Last week, while he was taking her down a peg, Tyrion also showed a hint of sympathy for his sister. There’s more of that this week as he realizes her utter lack of control over her son. For all of Cersei’s assurances last week that “power is power,” that’s not entirely the case when someone as nutty as Joffrey is in charge. He gave the order to kill Robert’s children, and he’ll keep doing things like that no matter what his mother or uncle say. The key for Tyrion, clearly, is to get everyone else on his side, which really lent charge to his conversation with Varys at the top of the episode.

“The Night Lands” is a nastier, broodier episode than the table-setting of “The North Remembers,” and it doesn’t have quite the same epic feel, but things are moving along slowly but surely. Hopefully, there’ll be more from Daenerys and Jon in the weeks to come, but the intrigue at King’s Landing and the excitement of the war are more than enough to keep things interesting.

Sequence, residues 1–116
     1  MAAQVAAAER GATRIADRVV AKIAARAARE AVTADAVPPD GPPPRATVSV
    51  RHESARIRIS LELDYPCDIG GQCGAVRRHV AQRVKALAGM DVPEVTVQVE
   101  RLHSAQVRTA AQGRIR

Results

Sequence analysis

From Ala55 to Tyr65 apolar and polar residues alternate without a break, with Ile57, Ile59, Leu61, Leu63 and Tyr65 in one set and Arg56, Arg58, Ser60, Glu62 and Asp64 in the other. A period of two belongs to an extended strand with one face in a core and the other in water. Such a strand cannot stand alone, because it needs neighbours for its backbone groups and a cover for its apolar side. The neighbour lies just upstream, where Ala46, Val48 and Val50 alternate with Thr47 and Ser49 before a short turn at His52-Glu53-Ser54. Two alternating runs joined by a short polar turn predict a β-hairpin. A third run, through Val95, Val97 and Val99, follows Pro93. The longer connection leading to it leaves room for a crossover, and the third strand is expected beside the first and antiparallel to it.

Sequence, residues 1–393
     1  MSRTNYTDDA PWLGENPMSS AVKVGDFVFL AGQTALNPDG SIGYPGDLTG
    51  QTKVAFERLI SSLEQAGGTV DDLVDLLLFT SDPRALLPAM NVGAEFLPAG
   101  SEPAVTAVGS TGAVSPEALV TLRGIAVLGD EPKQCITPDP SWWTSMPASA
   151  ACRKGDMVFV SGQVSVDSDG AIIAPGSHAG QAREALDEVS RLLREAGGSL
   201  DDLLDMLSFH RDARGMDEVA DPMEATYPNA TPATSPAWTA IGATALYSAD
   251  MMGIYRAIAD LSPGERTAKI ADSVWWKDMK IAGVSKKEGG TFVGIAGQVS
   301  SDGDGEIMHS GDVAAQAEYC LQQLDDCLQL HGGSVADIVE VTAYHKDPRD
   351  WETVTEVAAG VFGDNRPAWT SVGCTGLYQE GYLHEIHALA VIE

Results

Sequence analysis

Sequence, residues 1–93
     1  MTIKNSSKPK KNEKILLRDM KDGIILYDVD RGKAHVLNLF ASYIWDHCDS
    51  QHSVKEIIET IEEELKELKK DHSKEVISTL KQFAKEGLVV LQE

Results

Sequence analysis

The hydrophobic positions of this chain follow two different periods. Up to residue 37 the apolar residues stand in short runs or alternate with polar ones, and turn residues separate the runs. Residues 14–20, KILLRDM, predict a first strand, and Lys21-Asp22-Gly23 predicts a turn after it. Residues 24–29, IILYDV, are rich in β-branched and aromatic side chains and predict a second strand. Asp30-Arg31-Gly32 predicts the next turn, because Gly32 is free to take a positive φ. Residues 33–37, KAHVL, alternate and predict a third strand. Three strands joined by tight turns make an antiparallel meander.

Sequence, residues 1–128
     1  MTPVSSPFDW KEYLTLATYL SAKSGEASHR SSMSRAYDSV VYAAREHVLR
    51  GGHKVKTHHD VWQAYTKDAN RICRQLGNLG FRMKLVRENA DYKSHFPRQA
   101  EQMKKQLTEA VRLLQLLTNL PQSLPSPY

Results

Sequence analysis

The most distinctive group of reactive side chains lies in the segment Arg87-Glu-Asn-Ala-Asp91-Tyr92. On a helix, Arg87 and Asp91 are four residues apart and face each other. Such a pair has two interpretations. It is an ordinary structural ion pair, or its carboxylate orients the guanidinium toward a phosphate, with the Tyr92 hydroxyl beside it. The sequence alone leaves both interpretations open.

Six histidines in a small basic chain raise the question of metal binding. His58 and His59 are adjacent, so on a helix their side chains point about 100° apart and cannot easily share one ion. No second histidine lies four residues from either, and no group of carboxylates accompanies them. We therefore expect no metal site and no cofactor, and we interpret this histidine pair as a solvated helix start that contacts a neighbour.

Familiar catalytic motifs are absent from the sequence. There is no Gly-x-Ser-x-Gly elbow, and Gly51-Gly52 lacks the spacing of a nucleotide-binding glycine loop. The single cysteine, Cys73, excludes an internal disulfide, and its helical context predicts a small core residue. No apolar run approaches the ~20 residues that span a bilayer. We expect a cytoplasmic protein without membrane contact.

Stray observations:

  • “You should taste her fish pie.” “I don’t think Lord Varys likes fish pie.” “How can you tell?” Oh, eunuch jokes, they never get old.
  • Cersei tears up Robb’s offer of peace. “You’ve perfected the art of tearing up papers,” Tyrion notes.
  • Petyr gets one big scene this week, dressing down Ros in a creepy, but effective manner that seemed disconnected from the episode as a whole.
  • Tyrion is the king of burns. “I’m not questioning your honor, Lord Janos. I’m denying its existence.”